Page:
This guitar is available in 3 colors: Black (BK), Natural (NA) and Vintage Sunburst (VS).
What are best acoustic electric guitars under 500
We want to offer you the best electro-acoustic instruments on the market. Guitars under $ 500 are a decent sound and build quality. We can recommend models of Art & Luthere (all Art & Luthere acoustic guitars are handcrafted in Canada). The guitars is made of solid wood, spruce for the top and red cherry for the back and sides, maple for the neck and Indian rosewood for the fretboard as well as for the bridge, there is also to say that the Art & Lutherie follows a rigorous eco-friendly program that is based largely on trees fallen due to natural causes found in the forests of Canada. The convenient range is ideal for a range of genres, from folk to rock and roll. With a variety of body shapes and contemporary finishes, you can find the tone that’s right for you.
The signature Art & Lutherie collects the acoustic guitars of the Godin family, all handmade in Canada and with 95% autochthonous woods, inspired by the US tradition in terms of flat-top. The collection consists of the Americana, Legacy and Roadhouse series. Respectively, they follow the classic Dreadnought shape (with or without cutaway), Concert Hall (with or without cutaway) and Parlor, and they are all based on solid spruce tops with bands and back in wild cherry.
The necks are in Silver Leaf maple with a rosewood fingerboard, a material also used for the bridge on which sits a GrapTech Tusq jumper. Also the nut is in Tusq and, together, guarantees a good tuning stability and a transmission of the vibrations of the first order. On the headstock, six 18: 1 ratio mechanics finished in antiqued brass promise a vintage look and an accurate action. The fretboards are almost flat, to trace the classics of the American school, with a 16-inch radius. The tuning fork measures 24.84 inches instead to enjoy good projection and definition of the notes but, at the same time, make the soft strings under the fingers.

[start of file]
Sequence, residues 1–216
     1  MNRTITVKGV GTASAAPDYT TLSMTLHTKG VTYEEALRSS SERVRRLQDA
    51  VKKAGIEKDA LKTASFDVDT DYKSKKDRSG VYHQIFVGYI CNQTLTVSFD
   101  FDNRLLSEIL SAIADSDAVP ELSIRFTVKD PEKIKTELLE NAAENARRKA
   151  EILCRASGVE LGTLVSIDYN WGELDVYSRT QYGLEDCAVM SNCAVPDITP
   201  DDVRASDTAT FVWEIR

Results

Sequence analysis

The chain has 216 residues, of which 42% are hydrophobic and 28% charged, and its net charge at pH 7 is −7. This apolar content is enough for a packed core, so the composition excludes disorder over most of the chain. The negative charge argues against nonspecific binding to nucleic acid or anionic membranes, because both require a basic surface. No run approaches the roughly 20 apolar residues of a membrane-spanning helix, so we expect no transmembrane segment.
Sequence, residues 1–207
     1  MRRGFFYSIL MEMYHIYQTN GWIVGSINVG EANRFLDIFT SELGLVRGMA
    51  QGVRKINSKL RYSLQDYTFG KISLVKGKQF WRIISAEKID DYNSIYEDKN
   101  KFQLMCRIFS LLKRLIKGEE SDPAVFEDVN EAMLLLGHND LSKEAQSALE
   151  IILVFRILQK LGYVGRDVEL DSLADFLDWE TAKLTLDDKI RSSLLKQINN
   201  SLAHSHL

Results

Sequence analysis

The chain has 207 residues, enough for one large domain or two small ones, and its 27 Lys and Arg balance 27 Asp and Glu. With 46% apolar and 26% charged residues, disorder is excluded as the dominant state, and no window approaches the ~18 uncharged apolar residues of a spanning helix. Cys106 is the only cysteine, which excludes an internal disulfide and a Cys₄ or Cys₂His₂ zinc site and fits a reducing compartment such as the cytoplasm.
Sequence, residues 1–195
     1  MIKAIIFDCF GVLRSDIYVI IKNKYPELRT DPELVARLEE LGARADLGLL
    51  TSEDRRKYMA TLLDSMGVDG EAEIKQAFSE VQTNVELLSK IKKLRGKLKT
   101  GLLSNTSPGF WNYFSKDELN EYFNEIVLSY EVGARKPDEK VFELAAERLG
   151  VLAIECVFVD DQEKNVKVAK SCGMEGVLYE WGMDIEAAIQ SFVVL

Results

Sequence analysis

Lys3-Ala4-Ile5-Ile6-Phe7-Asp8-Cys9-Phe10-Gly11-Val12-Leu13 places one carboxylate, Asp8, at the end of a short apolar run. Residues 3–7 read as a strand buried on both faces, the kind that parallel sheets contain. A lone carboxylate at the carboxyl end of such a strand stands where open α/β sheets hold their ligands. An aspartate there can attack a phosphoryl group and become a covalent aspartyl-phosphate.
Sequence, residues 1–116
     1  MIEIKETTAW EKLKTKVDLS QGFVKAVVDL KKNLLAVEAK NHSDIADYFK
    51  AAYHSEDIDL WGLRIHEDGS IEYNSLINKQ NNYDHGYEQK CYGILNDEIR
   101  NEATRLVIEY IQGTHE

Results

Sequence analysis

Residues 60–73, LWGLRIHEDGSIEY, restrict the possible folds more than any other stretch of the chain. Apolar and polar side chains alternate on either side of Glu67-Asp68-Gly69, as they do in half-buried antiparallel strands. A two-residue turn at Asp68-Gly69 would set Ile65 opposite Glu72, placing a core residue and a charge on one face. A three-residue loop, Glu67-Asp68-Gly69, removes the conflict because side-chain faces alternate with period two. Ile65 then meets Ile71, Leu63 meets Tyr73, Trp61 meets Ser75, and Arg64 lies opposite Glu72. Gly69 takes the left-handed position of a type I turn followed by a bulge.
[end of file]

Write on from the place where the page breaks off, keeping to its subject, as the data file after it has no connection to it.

The Americana and The Legacy are equipped with Godin Q1T electronics with on-board equalization and an integrated tuner complete with an auto-shut-off system to preserve the battery. Each model has a pre-amplifier specially designed to better reflect the sounds of the guitar that will fit it. The Roadhouse instead prefers a Fishman Sonitone preamp system, more discreet in appearance and with only volume and tone controls accessible from the inside edge of the hole.
Other brands of mid-range acoustic guitars
- Breedlove: US brand; medium-high range;
- Eastman: US brand; medium-high range;
- Maton: Australian brand; medium-high range;
- Merida: US brand;
- Rainsong: (in graphite, not wood) US brand;
- Schecter: US brand;
- Washburn: US brand; medium range.
Choose full-body, Venetian or Florentine cutaway
There is more than one reason to prefer a guitar with a missing shoulder or not, and there are different reasons for choosing a Venetian or Florentine cutaway. When buying an acoustic guitar, pay close attention to the shape of the case, to which the sound owes a good portion of its character. Regardless of whether you prefer the abundant lines of a dreadnought, the smaller ones of a parlor or an evergreen orchestra model, one aspect in particular is a question for many musicians: the presence or absence of a missing shoulder.